How to cope with hayfever symptoms

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It’s frustrating to have beautiful weather outside and know that it’s going to leave you feeling stuffed up and with streaming eyes. Here are some tactics to help

Hayfever is a curse and unfortunately it’s that time of year again. If you really suffered with symptoms last summer, which according to experts was the worst in years for allergy sufferers, then no doubt you will want to up your game this year to prevent streaming eyes, a sniffly nose and itchy throat.

You will already be aware that hayfever, also known as allergic rhinitis, is caused by pollen. It is a protein inside the pollen particle that causes inflammation, irritation and swelling of the nasal passages. It also affects the eyes and throat. This inflammatory reaction is caused by a histamine, a substance released by the body in response to the allergen.

Products to help hayfever sufferers

Antihistamines are the most common hayfever medications. Don’t be deterred by the reputation for drowsiness, as developments in recent years mean there are more effective options available. Speak to your pharmacist for advice on what will work best for you.

In terms of supplements, A.Vogel’s Pollinosan tablets help with hayfever that is triggered by grass and tree pollen. The tablets contain seven tropical herbs believed to help with the symptoms. They cost €14.99 for 120 tablets and are available from independent health stores nationwide and online from

The HayBand (€10.90) is a drug-free non-invasive product that works using acupressure. The band focuses on the LI-11 pressure point, found at the end of the crease at the elbow. It can be worn by adults and children, is reusable and has no side effects. You can use it with small amounts of antihistamines to prevent the onset of and manage symptoms. It should not be used during pregnancy.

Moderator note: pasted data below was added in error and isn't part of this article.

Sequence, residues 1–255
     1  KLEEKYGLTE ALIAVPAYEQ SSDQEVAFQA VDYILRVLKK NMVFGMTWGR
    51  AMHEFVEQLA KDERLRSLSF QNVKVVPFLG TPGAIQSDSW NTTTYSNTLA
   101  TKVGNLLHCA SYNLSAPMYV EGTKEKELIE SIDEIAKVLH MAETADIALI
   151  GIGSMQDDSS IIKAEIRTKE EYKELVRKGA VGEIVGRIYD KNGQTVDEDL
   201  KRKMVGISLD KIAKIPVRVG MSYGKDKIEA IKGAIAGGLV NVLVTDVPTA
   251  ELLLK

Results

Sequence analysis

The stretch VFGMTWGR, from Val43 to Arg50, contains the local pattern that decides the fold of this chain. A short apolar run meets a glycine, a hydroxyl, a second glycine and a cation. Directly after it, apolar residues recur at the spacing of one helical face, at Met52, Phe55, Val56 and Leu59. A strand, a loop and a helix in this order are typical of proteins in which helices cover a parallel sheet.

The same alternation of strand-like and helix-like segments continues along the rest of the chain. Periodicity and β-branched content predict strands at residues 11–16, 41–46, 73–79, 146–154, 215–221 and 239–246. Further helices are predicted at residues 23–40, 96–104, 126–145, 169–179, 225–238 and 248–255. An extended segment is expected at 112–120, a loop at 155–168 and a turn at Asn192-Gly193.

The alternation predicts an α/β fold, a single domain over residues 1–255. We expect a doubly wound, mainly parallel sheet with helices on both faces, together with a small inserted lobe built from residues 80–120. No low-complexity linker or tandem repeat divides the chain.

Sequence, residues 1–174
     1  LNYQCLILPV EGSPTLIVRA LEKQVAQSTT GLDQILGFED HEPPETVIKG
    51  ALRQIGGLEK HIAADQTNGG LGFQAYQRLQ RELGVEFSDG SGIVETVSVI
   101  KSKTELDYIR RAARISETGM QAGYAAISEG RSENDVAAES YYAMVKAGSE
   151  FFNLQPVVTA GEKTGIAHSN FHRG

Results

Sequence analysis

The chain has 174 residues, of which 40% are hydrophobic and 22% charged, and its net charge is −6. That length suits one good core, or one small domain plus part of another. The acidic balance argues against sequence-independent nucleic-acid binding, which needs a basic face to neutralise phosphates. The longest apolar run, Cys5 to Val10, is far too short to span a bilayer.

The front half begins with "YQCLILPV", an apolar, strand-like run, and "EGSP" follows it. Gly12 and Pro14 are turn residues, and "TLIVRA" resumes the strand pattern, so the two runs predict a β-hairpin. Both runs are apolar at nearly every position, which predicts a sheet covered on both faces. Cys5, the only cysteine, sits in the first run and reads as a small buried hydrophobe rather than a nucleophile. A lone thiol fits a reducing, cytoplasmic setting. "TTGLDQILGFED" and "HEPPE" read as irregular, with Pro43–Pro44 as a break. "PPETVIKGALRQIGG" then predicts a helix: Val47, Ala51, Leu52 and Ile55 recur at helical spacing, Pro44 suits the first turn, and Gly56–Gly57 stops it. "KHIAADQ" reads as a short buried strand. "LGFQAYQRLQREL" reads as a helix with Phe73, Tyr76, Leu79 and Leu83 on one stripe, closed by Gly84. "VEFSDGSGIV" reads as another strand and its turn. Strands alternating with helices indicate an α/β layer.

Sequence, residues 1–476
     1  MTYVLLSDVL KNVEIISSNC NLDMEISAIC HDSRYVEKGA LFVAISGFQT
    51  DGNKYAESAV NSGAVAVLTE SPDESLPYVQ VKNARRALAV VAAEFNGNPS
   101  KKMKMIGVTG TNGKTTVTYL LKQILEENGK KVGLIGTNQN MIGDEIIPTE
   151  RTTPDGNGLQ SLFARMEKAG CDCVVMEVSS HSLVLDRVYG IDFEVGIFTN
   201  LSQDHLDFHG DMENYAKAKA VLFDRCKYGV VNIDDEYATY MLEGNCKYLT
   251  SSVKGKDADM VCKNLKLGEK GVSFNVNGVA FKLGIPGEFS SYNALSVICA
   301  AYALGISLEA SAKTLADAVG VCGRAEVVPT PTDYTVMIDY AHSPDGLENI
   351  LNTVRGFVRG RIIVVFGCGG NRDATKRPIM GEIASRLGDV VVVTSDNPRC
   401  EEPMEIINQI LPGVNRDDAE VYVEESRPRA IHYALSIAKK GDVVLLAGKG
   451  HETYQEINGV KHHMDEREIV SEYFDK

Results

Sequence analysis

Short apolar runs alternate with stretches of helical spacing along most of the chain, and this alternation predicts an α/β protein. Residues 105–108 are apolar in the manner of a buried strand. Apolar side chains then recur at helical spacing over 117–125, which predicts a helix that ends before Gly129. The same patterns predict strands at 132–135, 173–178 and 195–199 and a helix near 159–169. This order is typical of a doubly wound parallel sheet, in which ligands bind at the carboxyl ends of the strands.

Herbal teas can help soothe symptoms. Peppermint is a natural decongestant and liquorice tea can reduce the respiratory tract inflammation for example. Pukka Herb’s Three Ginger Tea contains turmeric, and both those ingredients are recommended to ease the effects of allergic rhinitis.

An air purifyer will remove pollen particles that have gotten inside your home. The Dyson Pure Cool Link Desk Purifier (€449.99)’s small size makes it more portable than the tower version, so you can move it to where you need it throughout the day. It is made for use on a desk but it will also work on your nightstand, as it contains portable high-efficiency particulate air (HEPA) filters, which can help keep your bedroom pollen-free. At a lower price point, Homedics 5 in 1 Totalclean Air Purifier (Harvey Norman, €189) is effective and also has a night mode which will work while you sleep.

What you can do now to reduce symptoms

There are lifestyle habits that can help you to manage hayfever symptoms. Try:

  • Stay indoors as much as possible on high pollen days. Between 10am and 4pm is the peak time for pollen dissemination
  • Changing your diet. The omegas in oily fish can bolster your immune system. This eases the inflammatory response the body has to allergens like pollen so can help reduce your symptoms. Avoiding dairy can help, as those foods can stimulate production of mucus in the respiratory system. Citrus fruits are a good source of vitamin C which is thought to be a natural antihistamine.
  • Avoid sweet treats. Baking is popular in lockdown but limit sugary treats if you can. Having sugar can trigger a surge in blood sugar levels that then precipitates a dramatic drop that can then cause adrenalin production, which involves the production of histamine.
  • Wearing a face covering not only protects you and those around you from coronavirus, it will also prevent pollen from entering your mouth and nose. Wearing sunglasses can stop pollen from irritating your eyes.
  • When you have been out in your garden or walking your dog, change your clothes afterwards to reduce the amount of pollen you bring into your home. Wipe your dog down with a damp cloth to catch any pollen on their coat.
  • Showering in the evening rather than the morning can help get rid of the pollen that has accumulated on your hair and body throughout the day. That way you won’t be sleeping on a pillow covered in pollen, to inevitably wake up with puffy eyes.
  • When driving, keep the windows closed and the aircon on to prevent pollen from getting into your car.
  • Do not hang your washing out to dry on high pollen days.

Coronavirus and hayfever

It is not nice to experience symptoms like a stuffy nose or sneezing in public, but especially now when everyone is concerned about coronavirus and hygiene. However it’s important to note that the symptoms are very different. Remember coronavirus symptoms include a high temperature and persistent cough, and hayfever is linked to sneezing which isn’t a symptom of coranavirus.